DAVID COUCH: Suing Leslie Rutledge.
As promised, Little Rock lawyer David Couch
has sued Attorney General Leslie Rutledge for her resistance to approving the form
of a proposed constitutional amendment to tighten the state ethics law.
Rutledge has cited a variety of objections to Couch's ballot title in refusing to approve its form. Approval is required before petitions may be circulated. Any constitutional amendment must get almost 85,000 valid signatures of registered voters by July 8 to qualify for the ballot. The law says a petitioner may go to the Supreme Court if "aggrieved" at the attorney general.
Couch filed direct with the Arkansas Supreme Court and will ask Monday for an expedited hearing. Statute says the attorney must approve and certify a proposal in 10 days "or shall substitute and certify a ballot title." Rutledge has refused to propose an alternate title for Couch's three attempts.
Couch argued that Rutledge misreads law when she says she is able to refuse to offer an alternative. He said that option applies only when an issue is presented in a way to mislead voters. There has been no allegation that Couch's amendment is misleading, only that it hasn't identified all the possible consequences of its terms.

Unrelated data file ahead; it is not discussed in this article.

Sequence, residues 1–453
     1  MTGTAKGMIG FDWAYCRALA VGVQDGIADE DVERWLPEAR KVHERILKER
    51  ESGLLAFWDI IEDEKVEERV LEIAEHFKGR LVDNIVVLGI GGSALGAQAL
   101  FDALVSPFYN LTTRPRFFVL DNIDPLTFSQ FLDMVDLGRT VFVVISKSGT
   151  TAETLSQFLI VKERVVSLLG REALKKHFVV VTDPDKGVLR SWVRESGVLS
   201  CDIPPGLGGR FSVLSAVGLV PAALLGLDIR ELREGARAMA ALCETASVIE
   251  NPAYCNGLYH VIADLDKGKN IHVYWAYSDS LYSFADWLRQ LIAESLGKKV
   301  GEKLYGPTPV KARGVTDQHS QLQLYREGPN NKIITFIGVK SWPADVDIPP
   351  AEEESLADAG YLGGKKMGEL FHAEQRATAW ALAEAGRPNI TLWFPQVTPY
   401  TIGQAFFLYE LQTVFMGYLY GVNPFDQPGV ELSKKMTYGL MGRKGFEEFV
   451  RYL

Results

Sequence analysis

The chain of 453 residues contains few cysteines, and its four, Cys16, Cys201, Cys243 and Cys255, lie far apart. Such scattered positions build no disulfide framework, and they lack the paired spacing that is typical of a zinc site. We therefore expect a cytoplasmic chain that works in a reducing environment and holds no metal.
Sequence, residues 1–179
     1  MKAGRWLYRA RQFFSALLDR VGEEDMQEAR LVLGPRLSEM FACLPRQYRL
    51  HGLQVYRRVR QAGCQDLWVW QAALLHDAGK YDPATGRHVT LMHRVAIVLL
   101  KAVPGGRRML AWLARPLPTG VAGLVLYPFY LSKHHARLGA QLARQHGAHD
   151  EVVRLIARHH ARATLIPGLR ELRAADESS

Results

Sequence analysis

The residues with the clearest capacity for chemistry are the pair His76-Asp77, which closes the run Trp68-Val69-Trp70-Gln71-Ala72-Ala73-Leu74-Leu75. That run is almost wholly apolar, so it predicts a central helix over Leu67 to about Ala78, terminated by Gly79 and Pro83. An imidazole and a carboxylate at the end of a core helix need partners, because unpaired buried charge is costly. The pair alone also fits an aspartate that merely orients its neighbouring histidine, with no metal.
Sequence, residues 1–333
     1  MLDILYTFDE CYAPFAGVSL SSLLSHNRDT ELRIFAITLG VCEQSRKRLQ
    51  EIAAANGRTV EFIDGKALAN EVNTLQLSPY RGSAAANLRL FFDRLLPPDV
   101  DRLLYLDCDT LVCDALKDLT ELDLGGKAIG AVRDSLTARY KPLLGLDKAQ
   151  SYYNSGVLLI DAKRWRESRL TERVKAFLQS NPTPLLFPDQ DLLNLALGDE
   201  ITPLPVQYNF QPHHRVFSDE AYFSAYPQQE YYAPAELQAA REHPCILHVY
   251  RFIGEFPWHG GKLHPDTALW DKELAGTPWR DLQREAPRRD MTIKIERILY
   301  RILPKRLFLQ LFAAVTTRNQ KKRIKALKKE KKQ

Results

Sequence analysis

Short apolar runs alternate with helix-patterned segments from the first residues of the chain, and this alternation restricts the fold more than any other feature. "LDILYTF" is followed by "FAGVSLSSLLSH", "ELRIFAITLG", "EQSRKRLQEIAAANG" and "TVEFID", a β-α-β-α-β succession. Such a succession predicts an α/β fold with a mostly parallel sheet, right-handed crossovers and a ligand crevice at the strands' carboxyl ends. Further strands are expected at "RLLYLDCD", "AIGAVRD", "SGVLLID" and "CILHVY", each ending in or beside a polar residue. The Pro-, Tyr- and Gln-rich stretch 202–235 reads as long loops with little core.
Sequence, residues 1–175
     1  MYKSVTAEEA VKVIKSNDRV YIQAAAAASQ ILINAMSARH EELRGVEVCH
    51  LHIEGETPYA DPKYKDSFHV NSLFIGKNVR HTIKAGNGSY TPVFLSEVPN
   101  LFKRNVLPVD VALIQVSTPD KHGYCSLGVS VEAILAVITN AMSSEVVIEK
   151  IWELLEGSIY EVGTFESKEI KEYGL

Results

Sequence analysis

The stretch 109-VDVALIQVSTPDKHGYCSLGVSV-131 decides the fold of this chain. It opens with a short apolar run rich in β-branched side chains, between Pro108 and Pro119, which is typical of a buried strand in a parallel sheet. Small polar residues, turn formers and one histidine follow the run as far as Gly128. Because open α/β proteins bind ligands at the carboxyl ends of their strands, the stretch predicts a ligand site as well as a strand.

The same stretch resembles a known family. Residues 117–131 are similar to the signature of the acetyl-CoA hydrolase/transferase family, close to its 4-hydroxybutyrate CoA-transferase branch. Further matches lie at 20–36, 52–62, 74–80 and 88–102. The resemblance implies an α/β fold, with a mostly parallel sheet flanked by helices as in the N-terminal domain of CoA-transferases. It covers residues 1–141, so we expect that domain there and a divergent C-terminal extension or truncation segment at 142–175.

Couch also complained that Rutledge had failed to meet the statute's 10-day response standard. She claims she's entitled to 10 business days, or two full weeks, though the statute contains no such qualification.
Couch wants the Supreme Court to order Rutledge to approve his amendment or substitute a more suitable one. He said his effort is irreparably harmed if he can't meet the statutory date for publication of June 8 and it restricts his time to circulate petitions.
He noted Rutledge had not criticized the text of the measure, only the ballot title, which is a summary of provisions.
Couch's amendment would ban gifts to legislators, a prohibition in an earlier amendment that legislators have found a way to work around. He'd also stop corporate contributions to PACs and, significantly, require more disclosure of dark money in campaigns against political candidates. Rutledge was elected with the benefit of hundreds of thousands in dark money spent against her opponent, Nate Steel. An umbrella group bought the ads without identifying sources of money.
Couch hasn't yet identified backers of the ethics measure, but will report if and when a paid canvassing campaign begins.
Canvassers will be at work this summer in addition on a term limits measure, a tort reform measure, various marijuana proposals and perhaps a casino amendment. Legal action may be in the offing, Couch indicated, because of some rules imposed on paid canvassers by the 2015 legislature. Those rules were intended to discourage such campaigns.